Stop the Dallas Trinity Parkway Boondoggle

More and more of us are moving off the roads. Yet, across the country there are countless proposed highway projects, like the Dallas Trinity Parkway, that are not just expensive — they’re outright boondoggles. We need your help to stop it. 

It's time to shift Texas’ transportation priorities

These days, more and more of us are moving off the roads. Across the country, and here in Texas, people are driving less on average than we have in years past. Driving peaked in America in 2007. Since then, the Millennial Generation has led the way, with more people walking, biking and taking transit. In fact, in 2014 more people rode public transportation than had in 57 years! Meanwhile, new technologies and other options, such as bike sharing, are making it easier for people to rely less on cars.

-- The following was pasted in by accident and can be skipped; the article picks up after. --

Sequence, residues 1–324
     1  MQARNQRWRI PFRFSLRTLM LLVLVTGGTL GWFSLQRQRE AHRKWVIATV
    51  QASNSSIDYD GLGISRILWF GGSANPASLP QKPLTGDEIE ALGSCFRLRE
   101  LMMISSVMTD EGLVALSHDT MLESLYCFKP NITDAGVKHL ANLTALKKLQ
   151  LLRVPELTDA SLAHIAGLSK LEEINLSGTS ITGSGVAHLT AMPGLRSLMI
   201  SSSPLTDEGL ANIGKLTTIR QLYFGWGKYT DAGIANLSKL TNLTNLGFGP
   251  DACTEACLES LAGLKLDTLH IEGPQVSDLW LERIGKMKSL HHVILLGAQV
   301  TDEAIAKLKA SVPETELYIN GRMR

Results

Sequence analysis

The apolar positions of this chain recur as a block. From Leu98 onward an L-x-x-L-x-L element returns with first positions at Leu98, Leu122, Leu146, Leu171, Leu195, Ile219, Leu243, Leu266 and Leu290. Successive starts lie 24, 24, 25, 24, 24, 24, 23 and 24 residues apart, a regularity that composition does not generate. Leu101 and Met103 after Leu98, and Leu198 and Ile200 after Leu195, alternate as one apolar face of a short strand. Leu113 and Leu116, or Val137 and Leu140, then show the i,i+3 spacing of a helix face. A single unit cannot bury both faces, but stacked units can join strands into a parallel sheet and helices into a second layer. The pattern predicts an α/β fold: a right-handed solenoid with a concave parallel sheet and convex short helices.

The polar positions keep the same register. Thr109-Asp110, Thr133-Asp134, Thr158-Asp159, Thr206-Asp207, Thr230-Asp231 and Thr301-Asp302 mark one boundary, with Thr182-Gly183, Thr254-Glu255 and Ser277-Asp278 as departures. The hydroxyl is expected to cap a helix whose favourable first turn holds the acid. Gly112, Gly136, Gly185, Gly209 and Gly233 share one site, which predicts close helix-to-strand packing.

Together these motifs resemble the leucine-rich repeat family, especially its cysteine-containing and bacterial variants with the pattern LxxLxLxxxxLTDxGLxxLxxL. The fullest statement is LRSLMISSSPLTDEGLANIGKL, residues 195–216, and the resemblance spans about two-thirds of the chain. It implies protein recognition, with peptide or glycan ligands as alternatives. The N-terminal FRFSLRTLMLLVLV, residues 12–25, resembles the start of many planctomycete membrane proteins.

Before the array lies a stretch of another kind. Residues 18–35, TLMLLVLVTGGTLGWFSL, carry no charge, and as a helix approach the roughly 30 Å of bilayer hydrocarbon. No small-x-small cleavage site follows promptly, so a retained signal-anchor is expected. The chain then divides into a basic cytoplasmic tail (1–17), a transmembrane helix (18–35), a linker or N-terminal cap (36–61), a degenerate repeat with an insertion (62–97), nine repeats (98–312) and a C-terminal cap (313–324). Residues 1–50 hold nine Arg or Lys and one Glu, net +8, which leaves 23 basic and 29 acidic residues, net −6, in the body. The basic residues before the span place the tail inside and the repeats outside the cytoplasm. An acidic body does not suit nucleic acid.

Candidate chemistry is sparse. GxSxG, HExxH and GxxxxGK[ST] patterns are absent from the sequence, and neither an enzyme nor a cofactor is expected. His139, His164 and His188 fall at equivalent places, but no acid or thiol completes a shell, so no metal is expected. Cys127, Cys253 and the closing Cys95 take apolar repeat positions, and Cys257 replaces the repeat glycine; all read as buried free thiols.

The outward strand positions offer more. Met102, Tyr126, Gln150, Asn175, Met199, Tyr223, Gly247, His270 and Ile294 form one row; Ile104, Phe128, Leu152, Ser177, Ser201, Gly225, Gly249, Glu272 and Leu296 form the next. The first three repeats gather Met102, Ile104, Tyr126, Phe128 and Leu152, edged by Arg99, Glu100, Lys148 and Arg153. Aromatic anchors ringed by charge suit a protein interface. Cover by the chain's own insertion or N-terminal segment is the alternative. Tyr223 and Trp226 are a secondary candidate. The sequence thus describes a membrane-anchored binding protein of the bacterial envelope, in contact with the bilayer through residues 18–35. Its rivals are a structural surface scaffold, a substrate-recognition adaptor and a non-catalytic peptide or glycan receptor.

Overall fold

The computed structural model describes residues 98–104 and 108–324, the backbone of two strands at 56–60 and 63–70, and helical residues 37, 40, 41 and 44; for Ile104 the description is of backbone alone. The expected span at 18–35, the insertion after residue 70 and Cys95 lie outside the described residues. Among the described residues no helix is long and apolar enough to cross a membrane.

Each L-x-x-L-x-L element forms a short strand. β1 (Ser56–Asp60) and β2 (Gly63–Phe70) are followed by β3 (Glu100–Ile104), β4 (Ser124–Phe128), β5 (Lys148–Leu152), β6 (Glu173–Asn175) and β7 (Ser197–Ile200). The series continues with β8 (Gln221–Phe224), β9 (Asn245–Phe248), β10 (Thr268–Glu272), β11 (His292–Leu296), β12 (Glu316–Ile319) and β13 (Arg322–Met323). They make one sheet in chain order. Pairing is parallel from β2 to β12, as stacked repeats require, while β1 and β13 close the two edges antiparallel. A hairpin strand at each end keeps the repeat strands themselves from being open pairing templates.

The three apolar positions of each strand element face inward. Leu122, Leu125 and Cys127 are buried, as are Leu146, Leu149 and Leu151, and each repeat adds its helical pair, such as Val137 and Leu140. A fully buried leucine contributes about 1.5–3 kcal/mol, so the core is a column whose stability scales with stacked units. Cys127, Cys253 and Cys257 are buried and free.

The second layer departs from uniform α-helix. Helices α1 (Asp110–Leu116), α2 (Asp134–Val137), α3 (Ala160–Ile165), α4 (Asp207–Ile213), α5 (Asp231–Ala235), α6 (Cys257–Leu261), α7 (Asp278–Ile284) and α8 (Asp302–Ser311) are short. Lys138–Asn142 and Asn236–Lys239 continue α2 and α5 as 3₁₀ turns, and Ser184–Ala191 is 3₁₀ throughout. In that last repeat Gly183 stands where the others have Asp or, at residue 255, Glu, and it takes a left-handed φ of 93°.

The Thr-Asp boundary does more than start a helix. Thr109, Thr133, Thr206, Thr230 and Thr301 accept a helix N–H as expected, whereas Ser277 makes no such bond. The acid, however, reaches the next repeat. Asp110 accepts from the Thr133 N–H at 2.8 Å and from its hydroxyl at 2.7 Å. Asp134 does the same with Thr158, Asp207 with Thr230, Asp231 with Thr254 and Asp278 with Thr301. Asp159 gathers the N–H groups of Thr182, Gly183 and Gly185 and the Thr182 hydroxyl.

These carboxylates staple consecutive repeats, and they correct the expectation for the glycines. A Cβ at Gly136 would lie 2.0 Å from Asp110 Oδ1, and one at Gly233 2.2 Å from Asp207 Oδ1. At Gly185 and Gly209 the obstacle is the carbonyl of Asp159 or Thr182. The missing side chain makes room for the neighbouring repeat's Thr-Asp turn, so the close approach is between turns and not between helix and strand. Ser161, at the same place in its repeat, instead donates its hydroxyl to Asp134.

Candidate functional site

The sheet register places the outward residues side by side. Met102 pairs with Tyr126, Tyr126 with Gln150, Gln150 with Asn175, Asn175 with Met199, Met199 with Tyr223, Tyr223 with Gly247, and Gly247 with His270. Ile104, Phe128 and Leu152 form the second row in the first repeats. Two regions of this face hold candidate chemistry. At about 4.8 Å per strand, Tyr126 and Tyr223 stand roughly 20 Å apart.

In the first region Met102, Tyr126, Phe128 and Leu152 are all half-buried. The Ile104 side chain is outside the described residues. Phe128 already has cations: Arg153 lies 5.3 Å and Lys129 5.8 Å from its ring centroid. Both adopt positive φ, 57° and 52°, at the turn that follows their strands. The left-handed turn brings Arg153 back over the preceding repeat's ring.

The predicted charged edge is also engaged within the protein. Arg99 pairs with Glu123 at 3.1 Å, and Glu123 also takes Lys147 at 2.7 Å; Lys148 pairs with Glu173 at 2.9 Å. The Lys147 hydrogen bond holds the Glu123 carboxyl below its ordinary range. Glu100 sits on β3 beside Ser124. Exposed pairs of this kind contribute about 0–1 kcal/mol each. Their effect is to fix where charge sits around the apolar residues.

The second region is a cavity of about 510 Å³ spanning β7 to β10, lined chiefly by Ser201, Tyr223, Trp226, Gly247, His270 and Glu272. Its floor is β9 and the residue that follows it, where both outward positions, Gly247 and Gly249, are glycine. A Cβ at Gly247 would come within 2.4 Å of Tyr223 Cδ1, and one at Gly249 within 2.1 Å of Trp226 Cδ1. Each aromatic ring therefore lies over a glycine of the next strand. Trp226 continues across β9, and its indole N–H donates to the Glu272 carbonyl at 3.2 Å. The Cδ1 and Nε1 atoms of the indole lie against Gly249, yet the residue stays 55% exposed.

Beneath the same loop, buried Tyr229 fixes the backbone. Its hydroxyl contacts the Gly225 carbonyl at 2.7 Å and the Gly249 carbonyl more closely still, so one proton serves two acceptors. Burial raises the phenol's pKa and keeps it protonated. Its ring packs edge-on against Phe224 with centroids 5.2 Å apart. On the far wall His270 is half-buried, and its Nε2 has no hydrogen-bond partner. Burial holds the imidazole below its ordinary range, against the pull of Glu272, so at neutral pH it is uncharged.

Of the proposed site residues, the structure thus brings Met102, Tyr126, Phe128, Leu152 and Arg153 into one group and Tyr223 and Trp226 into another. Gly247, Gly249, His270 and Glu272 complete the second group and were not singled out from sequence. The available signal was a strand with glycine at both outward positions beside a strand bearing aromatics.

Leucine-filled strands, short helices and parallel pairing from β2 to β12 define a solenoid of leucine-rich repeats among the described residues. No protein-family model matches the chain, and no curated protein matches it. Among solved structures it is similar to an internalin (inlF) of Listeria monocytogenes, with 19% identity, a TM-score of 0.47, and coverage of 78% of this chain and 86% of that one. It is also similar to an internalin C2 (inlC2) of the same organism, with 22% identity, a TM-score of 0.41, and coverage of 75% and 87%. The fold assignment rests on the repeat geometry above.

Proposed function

Yet, despite these well-documented changes in transportation trends, our decision makers continue to prioritize new roads and wasteful highway expansions. Meanwhile, other needs — from expanding public transportation to critical bridge repairs — go unmet. At a time when one in nine bridges in America are considered “structurally deficient,” these confused priorities put millions of Americans in danger every single day. 

The Dallas Trinity Parkway Boondoggle